(Roughly) Daily

“Race is an idea, not a fact”*…

 

White people- “Viewing the Performance of ‘The Merry Wives of Windsor’ in the Globe Theatre,” by David Scott. Photo courtesy the V&A Museum

The Jacobean playwright Thomas Middleton invented the concept of ‘white people’ on 29 October 1613, the date that his play The Triumphs of Truth was first performed. The phrase was first uttered by the character of an African king who looks out upon an English audience and declares: ‘I see amazement set upon the faces/Of these white people, wond’rings and strange gazes.’ As far as I, and others, have been able to tell, Middleton’s play is the earliest printed example of a European author referring to fellow Europeans as ‘white people’.

A year later, the English commoner John Rolfe of Jamestown in Virginia took as his bride an Algonquin princess named Matoaka, whom we call Pocahontas. The literary critic Christopher Hodgkins reports that King James I was ‘at first perturbed when he learned of the marriage’. But this was not out of fear of miscegenation: James’s reluctance, Hodgkins explained, was because ‘Rolfe, a commoner, had without his sovereign’s permission wed the daughter of a foreign prince.’ King James was not worried about the pollution of Rolfe’s line; he was worried about the pollution of Matoaka’s…

By examining how and when racial concepts became hardened, we can see how historically conditional these concepts are. There’s nothing essential about them. As the literature scholar Roxann Wheeler reminds us in The Complexion of Race (2000), there was ‘an earlier moment in which biological racism… [was] not inevitable’. Since Europeans didn’t always think of themselves as ‘white’, there is good reason to think that race is socially constructed, indeed arbitrary. If the idea of ‘white people’ (and thus every other ‘race’ as well) has a history – and a short one at that – then the concept itself is based less on any kind of biological reality than it is in the variable contingencies of social construction…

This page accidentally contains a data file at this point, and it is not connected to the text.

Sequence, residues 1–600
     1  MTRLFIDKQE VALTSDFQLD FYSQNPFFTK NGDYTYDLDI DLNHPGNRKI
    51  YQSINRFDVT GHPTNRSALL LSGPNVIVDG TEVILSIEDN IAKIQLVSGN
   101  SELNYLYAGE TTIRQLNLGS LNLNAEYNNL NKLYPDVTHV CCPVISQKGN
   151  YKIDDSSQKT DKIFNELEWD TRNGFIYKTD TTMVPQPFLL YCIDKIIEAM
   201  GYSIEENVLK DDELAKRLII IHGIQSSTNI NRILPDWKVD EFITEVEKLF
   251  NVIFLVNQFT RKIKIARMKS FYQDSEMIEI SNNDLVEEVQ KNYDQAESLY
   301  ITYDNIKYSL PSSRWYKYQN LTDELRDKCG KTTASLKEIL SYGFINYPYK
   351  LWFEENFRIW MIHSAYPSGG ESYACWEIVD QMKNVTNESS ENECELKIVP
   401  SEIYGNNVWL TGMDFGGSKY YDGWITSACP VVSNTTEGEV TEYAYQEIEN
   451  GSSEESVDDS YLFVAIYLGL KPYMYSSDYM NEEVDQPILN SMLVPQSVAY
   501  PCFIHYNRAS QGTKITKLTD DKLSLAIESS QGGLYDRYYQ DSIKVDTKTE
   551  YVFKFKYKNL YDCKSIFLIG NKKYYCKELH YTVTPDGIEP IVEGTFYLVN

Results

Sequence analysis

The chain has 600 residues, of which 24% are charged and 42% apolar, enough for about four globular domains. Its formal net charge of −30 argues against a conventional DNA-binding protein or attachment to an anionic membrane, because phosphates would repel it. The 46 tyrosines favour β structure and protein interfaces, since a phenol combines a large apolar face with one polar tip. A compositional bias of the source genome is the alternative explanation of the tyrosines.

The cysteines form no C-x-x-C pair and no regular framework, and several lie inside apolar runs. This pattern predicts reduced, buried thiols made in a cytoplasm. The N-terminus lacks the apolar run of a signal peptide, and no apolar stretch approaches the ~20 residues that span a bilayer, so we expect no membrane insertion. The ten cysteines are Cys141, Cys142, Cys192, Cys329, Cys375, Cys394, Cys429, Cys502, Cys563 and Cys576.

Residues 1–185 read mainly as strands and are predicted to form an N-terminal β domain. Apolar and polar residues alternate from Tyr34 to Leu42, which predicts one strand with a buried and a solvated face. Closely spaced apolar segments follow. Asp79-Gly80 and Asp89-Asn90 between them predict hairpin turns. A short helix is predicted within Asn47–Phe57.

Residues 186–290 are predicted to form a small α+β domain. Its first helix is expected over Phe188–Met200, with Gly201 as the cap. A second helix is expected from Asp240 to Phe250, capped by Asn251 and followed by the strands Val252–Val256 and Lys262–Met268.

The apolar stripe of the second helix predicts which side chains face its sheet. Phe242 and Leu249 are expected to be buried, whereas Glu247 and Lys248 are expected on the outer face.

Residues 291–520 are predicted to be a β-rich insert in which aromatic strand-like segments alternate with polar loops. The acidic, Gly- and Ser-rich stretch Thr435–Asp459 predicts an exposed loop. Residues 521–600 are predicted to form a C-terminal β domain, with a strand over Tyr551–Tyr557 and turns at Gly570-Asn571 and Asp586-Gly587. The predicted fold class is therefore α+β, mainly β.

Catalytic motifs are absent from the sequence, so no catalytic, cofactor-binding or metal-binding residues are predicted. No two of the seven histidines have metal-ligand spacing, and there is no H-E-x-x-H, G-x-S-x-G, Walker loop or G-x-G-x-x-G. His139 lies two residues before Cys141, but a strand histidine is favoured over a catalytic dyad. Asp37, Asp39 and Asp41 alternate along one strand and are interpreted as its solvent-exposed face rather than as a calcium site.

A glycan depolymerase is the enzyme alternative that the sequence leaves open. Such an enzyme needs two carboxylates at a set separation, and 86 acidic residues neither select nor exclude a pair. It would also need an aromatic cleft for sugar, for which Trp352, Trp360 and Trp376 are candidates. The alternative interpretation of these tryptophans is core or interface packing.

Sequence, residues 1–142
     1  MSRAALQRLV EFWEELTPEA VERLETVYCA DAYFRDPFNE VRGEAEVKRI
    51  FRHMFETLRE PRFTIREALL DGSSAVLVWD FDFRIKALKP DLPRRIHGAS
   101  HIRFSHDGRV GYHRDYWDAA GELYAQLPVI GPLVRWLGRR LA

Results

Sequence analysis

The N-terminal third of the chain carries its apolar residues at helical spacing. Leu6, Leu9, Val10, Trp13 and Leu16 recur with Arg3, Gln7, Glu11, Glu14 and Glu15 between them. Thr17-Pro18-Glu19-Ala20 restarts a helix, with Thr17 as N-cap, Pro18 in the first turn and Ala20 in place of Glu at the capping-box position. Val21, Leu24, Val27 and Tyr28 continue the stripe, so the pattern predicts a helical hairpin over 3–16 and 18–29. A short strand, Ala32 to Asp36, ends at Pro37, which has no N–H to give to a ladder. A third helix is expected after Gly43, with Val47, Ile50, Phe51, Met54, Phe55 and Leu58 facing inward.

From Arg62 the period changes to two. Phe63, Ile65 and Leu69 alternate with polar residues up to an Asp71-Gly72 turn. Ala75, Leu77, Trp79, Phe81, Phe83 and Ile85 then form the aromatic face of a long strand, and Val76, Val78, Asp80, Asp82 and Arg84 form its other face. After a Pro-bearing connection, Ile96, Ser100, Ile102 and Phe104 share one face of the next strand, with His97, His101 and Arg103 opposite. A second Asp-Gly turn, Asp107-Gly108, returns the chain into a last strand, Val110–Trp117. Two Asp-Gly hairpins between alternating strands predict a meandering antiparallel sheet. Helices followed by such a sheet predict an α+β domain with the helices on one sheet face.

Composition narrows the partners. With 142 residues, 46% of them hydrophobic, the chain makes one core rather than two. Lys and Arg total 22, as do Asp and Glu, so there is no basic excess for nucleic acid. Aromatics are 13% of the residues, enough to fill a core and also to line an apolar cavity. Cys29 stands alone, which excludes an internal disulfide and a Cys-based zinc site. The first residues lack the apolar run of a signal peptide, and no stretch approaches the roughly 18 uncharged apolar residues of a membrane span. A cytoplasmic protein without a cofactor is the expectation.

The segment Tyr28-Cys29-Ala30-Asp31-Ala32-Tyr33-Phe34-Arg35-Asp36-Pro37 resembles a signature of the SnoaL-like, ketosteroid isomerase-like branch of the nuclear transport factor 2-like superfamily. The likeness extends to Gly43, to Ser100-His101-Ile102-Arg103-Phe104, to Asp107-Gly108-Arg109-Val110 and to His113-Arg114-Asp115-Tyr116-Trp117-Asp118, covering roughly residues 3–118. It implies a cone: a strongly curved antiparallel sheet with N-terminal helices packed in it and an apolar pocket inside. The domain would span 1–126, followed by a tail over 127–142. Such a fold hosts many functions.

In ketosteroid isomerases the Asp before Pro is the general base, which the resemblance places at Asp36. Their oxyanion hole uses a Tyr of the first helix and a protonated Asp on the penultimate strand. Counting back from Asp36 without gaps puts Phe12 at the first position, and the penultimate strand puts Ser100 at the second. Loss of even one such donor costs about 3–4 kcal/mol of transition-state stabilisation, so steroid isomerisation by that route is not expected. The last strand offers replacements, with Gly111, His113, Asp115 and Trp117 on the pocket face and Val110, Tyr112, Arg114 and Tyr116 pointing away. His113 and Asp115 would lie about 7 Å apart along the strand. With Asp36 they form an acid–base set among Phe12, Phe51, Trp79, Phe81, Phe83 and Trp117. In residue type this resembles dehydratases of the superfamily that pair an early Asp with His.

Black or White?  “How ‘white people’ were invented by a playwright in 1613.”

* Nell Irvin Painter, The History of White People

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As we aspire to (self-)consciousness, we might recall that it was on this date in 1966 that  A Hand Is On The Gate, billed as “an evening of poetry and music by American Negroes,” opened on Broadway at the Longacre Theatre. The directorial debut of actor Roscoe Lee Browne, it featured a cast of eight, including Leon Bibb, James Earl Jones, Cicely Tyson, and Josephine Premice (who was nominated for a Tony).

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Written by LW

September 21, 2017 at 1:01 am

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